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Clifford E Carnicom
Jun 08 2005


Recent work indicates the very real possibility of sources for interference in the metabolism of the potassium ion within the human body. This interference is based upon the detection of continuous and apparently artificial ELF (Extremely Low Frequency) propagation at 4Hz multiples. The fifth harmonic of this radiation, detected at 20Hz, corresponds to the cyclotronic frequency of the potassium ion in the mid latitude ranges of the globe. Readers are referred to a previous article1 and to the work of Dr. Robert Becker for additional information on this subject.


Further inquiry on the attempt to increase potassium levels in the diet has revealed some unexpected findings. If one were to assume, hypothetically, that a potassium deficiency exists in a particular person, it might also be considered reasonable for that individual to seek out a potassium supplement, in addition to the investigation of changes in the diet. Such a search has been conducted, and the results have been unexpected.


In the case of magnesium or calcium, there does not appear to be any difficulty in the purchase of minimum daily requirement supplements for these minerals. They are readily available at this time. Upon examining all potassium supplements at the local health food store, regardless of brand, it was soon noticed that no products were available that provided a level of potassium greater than 3% of the recommended daily allowance for potassium. This was somewhat unexpected, as the hypothetical case assumes there is a deficiency in potassium and seeks a remedy for that situation. One can then easily determine that roughly 33 tablets a day of commercially available potassium supplements would be required to reach the recommended daily allowance. This would appear to be neither reasonable or sensible.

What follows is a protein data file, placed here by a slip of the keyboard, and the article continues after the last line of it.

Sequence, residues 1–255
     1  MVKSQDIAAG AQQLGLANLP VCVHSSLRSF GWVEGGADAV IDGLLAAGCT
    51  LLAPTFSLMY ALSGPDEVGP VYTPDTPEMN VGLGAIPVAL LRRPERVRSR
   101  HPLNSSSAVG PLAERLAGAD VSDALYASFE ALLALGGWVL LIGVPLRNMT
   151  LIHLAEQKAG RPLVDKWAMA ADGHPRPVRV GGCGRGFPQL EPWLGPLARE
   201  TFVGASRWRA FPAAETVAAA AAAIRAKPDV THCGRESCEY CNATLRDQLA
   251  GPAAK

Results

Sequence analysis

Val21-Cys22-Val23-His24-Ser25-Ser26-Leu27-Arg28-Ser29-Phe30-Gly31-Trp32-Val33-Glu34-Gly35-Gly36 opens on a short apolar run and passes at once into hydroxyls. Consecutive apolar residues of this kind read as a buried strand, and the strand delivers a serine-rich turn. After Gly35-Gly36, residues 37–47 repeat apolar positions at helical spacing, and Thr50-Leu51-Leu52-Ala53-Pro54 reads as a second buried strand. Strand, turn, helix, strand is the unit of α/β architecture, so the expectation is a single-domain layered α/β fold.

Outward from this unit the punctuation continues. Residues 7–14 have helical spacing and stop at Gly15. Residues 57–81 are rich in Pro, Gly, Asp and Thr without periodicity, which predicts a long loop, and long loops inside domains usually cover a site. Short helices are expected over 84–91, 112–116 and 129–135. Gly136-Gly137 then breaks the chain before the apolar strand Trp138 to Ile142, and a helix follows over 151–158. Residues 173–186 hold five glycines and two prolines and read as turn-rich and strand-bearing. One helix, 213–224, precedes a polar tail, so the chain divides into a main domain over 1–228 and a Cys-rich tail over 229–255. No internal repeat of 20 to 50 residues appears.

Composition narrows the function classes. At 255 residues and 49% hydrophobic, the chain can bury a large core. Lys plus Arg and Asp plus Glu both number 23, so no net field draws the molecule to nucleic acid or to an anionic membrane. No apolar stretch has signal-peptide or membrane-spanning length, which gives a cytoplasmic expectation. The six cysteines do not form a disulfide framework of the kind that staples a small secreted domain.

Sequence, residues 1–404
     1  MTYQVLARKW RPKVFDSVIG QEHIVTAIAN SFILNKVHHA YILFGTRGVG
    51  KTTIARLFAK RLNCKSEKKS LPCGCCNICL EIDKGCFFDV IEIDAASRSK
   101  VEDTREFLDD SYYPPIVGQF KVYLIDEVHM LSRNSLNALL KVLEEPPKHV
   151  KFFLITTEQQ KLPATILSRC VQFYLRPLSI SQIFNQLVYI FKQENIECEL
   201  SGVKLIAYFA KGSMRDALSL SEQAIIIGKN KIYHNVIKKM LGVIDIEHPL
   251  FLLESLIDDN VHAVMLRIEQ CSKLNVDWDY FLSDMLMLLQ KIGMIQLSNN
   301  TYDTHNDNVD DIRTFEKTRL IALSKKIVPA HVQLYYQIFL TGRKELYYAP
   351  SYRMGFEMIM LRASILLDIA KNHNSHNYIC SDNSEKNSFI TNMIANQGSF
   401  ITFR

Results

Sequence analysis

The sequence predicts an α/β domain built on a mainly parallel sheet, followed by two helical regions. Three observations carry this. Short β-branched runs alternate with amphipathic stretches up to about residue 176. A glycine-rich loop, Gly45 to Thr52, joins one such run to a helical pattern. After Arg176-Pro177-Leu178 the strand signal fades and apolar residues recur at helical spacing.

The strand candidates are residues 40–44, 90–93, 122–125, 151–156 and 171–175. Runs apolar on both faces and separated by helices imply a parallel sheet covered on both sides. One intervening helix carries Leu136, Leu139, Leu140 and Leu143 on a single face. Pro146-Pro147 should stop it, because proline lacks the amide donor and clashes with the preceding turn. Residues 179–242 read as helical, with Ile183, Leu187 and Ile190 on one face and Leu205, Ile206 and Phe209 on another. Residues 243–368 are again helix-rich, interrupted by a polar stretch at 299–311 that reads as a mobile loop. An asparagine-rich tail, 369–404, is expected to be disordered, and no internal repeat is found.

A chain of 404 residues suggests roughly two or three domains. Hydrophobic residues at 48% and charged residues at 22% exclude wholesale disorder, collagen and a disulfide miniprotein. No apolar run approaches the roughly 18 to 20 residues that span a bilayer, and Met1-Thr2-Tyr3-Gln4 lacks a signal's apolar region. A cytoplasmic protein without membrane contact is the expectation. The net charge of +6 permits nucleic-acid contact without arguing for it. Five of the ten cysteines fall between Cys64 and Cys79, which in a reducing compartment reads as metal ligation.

Further investigation then reveals that the maximum amount of potassium supplement available to the U.S. consumer is 99 milligrams, apparently due to a Food and Drug regulation. The difficulty arises when one consults the standards of recommended daily allowances for that same mineral as established by that same agency, the FDA. Although conflicting statements appear to be in place, the FDA labeling standard is set at 3500 mg per day, or 3.5 grams2. The US Department of Agriculture appears to recommend approximately 4000 mg, or 4 gms per day3.  Furthermore, it is recently reported that “in February of 2004, after an extensive review of scientific literature, the Institute of Medicine set the Adequate Intake of potassium for adults at 4.7 grams a day – more than double previous estimates. However, more than 90% of American children and adults are not meeting these recommendations.”4


The supplements that are available to the public through sources examined are limited to 99 mg, or 0.099 gms. The public may purchase, as a supplement, 0.099 gms vs 3.5 gms that is RECOMMENDED per day. It is a natural and reasonable question to ask why this is the case.


This paper does not presume to answer that question. It does however, raise the question, along with a few others. Not claiming any medical expertise, it is not difficult to ascertain that potassium levels that are too low in the body may present medical difficulties such as heart failure, fatigue, muscular weakness and depression5. By the same token, excessive levels of potassium can also induce serious medical conditions, such as heart attacks.   Allergic responses from electrolytic imbalances may also deserve consideration.  Notwithstanding, let it also be established that the NLM and the NIH clearly state that “Potassium supplementation should never be taken without the approval of a health care provider.” This paper is informative only, and does not advocate any specific medical advice or action.